Finally. It turns out that, by exploiting some particular characteristics of the ASCII representation. The XOR of m1 and m2 can reveal lots more information. I want to go through that in more detail next. So here's the ASCII table that we've seen in a previous lecture, and I've highlighted that portion of the table that illustrates the correspondence between the letters of the English alphabet, both upper and lower case, and their askew equivalent.

begin with 01, or rather the ASCII representation of all letters, whether they're upper or lower case begin with the two bits 01, right?

Every letter corresponds to a single bit, to a single byte, rather, or eight bits. And if you look at the eight bits that correspond to every letter, you'll see that they all share the prefix 01. In contrast to that, the space character begins with the prefix 00. What this means is that if we have the XOR of any two letters, we get some byte. With prefix 00. But, if we have the XOR of a letter, and a space character, then we get the prefix 01. And, this allows an attacker to identify the XOR of a letter and a space. Right, if the attacker has the XOR of two messages it can look byte by byte. And it can guess that any byte with a prefix of 01 corresponds to the XOR of a letter and a space. Now this is not perfect, right it's possible to have two space characters that XOR to a byte with prefix 00. It's possible to have punctuation characters as well that might mess this up. Nevertheless, punctuation characters and pairs of spaces are expected to be much less frequent than pairs of two letters and pairs of a letter and a space.

Just to go through this in pictures to illustrate the point more clearly. So here we have, for example, two ciphertexts. That were both encrypted using the one time pad and the same key. And I just highlighted here the initial two bit prefix of every byte. So the rectangles they represent bites, and the bits that are displayed there are the two bit prefix of each bite. If the attacker XOR's these two cypher text together.

Then it obtains what, what I've displayed on the bottom here. And what you can see, right, is that the two bit prefix of the first three bytes is 00. And the two bit prefix of the fourth byte is 01. So the attacker can guess here that the first three bytes of each of these, the underlying plain text corresponding to these two initial ciphertexts.

Are letters. But in the fourth position we have a pairing of a space character, and a letter. Right, the, again, the attacker doesn't know whether the first plain-text has the letter and the second plain-text has the space or vice versa. But it can guess, with high confidence, that one of those blue shaded bytes corresponds to a letter in the underlying plain-text. And the other one corresponds to a space.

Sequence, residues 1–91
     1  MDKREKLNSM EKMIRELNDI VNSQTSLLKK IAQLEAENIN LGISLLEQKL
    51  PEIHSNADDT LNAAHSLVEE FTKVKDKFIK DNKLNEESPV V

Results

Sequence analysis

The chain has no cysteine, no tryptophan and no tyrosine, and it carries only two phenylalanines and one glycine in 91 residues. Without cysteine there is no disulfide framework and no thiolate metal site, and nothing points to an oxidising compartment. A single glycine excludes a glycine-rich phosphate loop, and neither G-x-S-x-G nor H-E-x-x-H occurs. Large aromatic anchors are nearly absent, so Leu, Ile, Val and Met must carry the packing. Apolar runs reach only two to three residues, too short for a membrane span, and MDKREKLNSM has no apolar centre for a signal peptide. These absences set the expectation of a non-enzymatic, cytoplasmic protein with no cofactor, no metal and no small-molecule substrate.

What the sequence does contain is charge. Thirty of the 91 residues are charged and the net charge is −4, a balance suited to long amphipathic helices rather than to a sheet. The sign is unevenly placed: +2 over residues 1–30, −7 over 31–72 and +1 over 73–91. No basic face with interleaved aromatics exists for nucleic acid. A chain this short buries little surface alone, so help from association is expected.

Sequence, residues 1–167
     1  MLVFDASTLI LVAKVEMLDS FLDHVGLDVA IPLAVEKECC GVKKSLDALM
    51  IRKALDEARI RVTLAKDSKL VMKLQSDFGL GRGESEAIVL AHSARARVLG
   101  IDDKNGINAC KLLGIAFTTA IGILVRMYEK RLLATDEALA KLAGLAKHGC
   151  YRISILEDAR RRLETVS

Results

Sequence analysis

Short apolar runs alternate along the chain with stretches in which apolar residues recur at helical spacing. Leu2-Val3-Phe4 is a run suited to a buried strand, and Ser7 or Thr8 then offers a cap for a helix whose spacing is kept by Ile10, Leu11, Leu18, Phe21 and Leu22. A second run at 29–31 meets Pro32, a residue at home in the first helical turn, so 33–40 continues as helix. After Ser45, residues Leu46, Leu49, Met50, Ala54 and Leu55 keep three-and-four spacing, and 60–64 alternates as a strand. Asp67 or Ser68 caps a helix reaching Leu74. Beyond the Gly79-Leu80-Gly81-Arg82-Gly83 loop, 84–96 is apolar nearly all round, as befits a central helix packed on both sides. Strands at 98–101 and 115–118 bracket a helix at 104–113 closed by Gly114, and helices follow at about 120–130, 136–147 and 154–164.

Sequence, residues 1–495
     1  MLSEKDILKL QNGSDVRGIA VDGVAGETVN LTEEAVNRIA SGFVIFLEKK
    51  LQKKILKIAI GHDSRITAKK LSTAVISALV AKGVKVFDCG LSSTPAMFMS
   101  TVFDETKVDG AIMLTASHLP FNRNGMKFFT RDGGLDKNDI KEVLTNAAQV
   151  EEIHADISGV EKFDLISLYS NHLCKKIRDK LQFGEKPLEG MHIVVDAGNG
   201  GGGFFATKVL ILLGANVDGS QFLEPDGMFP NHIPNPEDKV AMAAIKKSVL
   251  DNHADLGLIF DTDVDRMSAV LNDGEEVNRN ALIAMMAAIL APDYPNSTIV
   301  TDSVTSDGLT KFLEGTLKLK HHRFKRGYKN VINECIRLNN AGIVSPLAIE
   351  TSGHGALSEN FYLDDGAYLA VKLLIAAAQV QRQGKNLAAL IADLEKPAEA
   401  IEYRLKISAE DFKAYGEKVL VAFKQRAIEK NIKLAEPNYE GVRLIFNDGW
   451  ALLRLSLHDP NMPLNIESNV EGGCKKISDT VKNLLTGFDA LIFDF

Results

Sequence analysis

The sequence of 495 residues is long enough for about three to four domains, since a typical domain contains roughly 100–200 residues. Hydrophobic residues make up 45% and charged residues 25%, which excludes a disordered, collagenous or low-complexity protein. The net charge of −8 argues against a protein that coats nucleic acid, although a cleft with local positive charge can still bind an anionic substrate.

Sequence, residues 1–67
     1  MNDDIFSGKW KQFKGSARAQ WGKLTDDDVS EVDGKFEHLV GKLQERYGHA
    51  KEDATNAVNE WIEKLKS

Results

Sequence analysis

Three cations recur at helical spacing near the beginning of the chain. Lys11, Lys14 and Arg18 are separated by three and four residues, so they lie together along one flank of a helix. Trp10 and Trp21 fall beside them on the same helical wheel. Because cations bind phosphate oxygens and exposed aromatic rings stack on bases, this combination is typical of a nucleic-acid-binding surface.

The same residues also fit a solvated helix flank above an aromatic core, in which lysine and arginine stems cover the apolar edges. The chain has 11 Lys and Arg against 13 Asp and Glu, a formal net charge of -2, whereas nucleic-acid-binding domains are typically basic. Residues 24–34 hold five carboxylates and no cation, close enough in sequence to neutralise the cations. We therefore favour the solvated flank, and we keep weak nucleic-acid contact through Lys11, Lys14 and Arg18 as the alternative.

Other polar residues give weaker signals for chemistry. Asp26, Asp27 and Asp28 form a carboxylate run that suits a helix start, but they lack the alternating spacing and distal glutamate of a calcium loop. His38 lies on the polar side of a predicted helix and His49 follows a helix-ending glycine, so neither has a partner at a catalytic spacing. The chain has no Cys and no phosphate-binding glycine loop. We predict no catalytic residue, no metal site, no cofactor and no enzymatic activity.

Now given that, the attacker can look at the full byte, the full value of the fourth byte in the XOR of the two cipher texts, and it then knows that that byte is equal to the XOR of a space character with some other. Plain text character with, with the ASCII representation of some letter.

You can easily solve this in this particular example to see that the letter is the letter p, the lower case letter p. So again, that means that the attacker has now learned that one of the blue-shaded regions corresponds to a space character in the underlying plain text. And the other blue shaded region corresponds to a lower case letter p in the underlying plain text. And if you extend this, where you can imagine that the attacker can learn lots of information about each of the underlying plain text. Things get even worse if multiple plain texts are all encrypted using the same key because then the attacker can apply the same analysis. To each possible pair, of cipher-texts. Now what we've said is that the one time pad has these two key drawbacks first of all that the key is long as the message, and secondly that the one time pad encryption scheme is only secure, if a particular key is used to encrypt only a single plain text.

Now it turns out that these limitations or these drawbacks are not something specific to the one time pad encryption scheme, but they're in fact inherent limitations for any encryption scheme achieving perfect secrecy.

Right, we might have thought that the one time pad encryption scheme has these drawbacks, but we can hope to do better by designing some other perfectly secret encryption scheme that doesn't suffer from these drawbacks. But that's not the case. All right. These two drawbacks are inherent for any scheme achieving perfect secrecy. I want to prove this for the particular case of the key links. That is, I want to show that the one-time pad is, in fact, optimal as far as perfectly secret schemes go, when it comes to the length of the key.